William Weller was traveling in front of the current location of the Capitol Campus when he hit and killed George Forbes, making Forbes the first car-related fatality in Olympia.
It was about three hours after sunset in December 1914 and Weller was driving with his wife and kids when he came across Forbes crossing the street back towards his house. Weller, traveling at most 15 miles an hour, swerved quickly to the right, which was the same direction Forbes started to move, putting himself back into Weller’s path.
It was too late by that point and Weller hit Forbes, dragging him at least 30 feet before stopping. It didn’t take bystanders long to pick Forbes up and carry him to St. Peter’s Hospital, which at that point was only a block away, across the street from the where the general administration building now is.
Forbes himself was a longtime resident of Olympia, long enough that he was considered a pioneer of the city by the time he died.
Forbes was born in La Salle, Illinois and was entering his early 20s when the Civil War broke out. Like many of his state, he served in the Union Army and was held prisoner at Andersonville Prison. Andersonville became a totem for the mistreatment of soldiers during the late stages of the Civil War, as it was overcrowded to four times its capacity, with inadequate water supply, food rations and unsanitary conditions. Almost one third of the union soldiers held at Andersonville died.
After the War
But he survived and after the war, Forbes moved west. He and his wife Mary first moved to California and then came north to Olympia in 1870 when Washington was still a territory.
Forbes served on the Olympia city council for three terms during the 1880s as Washington was reaching towards statehood.
One of the most interesting undertakings by the Olympia City Council in Forbes’s years was the investigation of excavating a ship canal between Olympia and the Washington coast. The idea was to use existing waterways (like the Chehalis River and Black Lake) to connect Puget Sound with the coast. The goal was to make Olympia a lynchpin in regional shipping. It turns out that there just wasn’t enough water in Washington to keep a canal like that filled during the summer.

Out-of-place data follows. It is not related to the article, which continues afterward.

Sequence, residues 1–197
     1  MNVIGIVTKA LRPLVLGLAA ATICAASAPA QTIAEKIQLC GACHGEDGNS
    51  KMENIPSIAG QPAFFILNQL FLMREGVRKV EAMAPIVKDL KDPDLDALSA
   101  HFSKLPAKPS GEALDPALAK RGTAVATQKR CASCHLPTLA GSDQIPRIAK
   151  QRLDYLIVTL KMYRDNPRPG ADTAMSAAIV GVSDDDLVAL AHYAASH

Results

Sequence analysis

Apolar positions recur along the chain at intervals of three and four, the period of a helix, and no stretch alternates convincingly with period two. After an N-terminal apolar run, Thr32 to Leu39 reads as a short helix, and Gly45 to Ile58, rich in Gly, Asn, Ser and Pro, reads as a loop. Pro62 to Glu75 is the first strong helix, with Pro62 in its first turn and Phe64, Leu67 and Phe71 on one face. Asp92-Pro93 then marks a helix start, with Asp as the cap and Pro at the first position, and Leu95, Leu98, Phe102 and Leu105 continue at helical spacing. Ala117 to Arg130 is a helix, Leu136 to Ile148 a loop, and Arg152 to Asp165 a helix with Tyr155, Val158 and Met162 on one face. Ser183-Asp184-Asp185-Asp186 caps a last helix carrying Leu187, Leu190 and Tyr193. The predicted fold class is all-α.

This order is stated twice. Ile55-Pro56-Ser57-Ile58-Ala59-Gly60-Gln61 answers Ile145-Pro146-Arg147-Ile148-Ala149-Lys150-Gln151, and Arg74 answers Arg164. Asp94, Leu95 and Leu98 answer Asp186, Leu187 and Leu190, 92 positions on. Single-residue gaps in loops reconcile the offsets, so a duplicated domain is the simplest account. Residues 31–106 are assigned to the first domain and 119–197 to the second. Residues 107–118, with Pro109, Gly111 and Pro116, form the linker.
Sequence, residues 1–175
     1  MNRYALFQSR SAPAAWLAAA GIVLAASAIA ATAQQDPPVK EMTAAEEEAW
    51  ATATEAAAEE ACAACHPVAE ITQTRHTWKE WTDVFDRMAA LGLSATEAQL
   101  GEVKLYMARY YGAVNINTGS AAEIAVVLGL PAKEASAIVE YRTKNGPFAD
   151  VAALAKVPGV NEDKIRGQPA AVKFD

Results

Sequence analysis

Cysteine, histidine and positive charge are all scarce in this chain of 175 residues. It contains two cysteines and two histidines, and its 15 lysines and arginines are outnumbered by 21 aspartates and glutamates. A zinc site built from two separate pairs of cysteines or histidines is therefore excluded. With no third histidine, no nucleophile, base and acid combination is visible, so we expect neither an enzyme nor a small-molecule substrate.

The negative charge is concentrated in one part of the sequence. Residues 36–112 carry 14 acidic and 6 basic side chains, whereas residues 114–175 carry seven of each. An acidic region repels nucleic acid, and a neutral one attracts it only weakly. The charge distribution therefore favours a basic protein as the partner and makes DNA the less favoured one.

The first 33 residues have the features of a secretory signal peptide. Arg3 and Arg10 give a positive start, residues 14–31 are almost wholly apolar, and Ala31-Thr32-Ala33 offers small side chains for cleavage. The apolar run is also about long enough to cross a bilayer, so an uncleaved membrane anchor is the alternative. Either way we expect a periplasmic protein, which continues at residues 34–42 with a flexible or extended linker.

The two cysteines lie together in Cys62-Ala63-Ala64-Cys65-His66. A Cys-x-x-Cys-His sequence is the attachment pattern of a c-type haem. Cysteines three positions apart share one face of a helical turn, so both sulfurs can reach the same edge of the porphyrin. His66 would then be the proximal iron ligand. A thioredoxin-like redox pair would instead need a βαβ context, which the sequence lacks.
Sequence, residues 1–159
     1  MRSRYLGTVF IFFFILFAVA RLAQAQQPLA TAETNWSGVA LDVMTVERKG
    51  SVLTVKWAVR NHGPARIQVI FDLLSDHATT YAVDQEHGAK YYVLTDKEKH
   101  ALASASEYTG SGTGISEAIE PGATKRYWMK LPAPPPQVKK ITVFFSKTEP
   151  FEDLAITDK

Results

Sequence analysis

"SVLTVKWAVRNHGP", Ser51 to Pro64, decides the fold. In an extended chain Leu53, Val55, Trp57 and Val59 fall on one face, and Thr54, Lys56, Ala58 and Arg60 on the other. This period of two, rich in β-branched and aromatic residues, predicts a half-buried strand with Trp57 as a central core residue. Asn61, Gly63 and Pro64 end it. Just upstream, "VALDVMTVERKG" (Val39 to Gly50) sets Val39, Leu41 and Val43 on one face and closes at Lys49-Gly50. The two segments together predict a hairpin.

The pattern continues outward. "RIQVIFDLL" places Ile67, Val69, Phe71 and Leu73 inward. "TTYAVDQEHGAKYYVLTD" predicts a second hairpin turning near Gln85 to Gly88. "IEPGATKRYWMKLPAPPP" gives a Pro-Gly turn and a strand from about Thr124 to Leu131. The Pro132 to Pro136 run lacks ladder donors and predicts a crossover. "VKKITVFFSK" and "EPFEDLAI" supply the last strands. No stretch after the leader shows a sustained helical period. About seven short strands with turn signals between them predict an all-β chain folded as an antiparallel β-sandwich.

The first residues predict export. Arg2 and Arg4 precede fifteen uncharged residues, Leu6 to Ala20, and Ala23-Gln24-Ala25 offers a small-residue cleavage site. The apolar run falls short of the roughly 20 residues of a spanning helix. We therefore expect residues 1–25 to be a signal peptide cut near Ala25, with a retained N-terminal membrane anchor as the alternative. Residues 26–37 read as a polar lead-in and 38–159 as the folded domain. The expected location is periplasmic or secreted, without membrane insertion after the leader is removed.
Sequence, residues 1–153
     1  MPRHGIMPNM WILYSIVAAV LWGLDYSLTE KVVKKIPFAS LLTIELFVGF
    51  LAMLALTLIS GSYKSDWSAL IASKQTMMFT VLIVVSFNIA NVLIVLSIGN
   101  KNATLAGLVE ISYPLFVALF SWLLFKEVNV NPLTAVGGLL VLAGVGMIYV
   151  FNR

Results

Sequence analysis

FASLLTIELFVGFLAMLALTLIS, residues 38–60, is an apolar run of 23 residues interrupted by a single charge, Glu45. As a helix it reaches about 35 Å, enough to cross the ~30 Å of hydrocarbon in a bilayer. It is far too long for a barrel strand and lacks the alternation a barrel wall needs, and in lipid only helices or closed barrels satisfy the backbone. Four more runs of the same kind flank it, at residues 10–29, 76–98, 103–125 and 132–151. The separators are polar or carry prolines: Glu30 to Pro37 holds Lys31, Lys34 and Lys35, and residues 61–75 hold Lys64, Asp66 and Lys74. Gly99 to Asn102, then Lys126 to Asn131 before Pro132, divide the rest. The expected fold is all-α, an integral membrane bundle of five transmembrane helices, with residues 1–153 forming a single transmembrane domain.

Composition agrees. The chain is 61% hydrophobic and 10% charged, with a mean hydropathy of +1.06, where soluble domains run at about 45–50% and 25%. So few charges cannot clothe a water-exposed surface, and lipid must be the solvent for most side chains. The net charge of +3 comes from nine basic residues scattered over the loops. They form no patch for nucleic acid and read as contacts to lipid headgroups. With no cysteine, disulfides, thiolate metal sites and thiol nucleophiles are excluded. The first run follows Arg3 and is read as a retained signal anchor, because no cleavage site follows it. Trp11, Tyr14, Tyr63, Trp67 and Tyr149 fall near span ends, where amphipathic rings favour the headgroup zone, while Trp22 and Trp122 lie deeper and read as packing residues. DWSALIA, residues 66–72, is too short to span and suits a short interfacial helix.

Forbes also worked to expand Olympia’s fire protection, which was important after an 1882 fire that threatened to level the city’s entire business district.
One thing Forbes was not able to do in his time as a city leader was transition Olympia from its muddy roads to modern paved streets. It is ironic that it was exactly that issue that was on the city council’s docket in the weeks surrounding the accident that killed Forbes.
Long since retired from active civic life, Forbes himself had showed up at a city council meeting weeks before his death to ask whether the city’s paving plan included the streets in front of his house at Union and Main streets (now Capitol Way). Once the city’s plan went through, Forbes would have been on the hook for $167 in paving the street in front of his home. The coroner’s inquest, which ended up clearing Weller for any blame in Forbes’s death, pointed directly at the state of Olympia’s streets as the primary blame.
The coroner took his own car out to conduct an experiment on the condition of the roads and found that the ice and mud on the unpaved streets made it impossible to stop in less than 60 feet. “I found under the conditions of my experiment, that one must necessarily dodge a person crossing the street or run over him,” said the Thurston County coroner.
And that, is the story of the first person killed by a car in Olympia.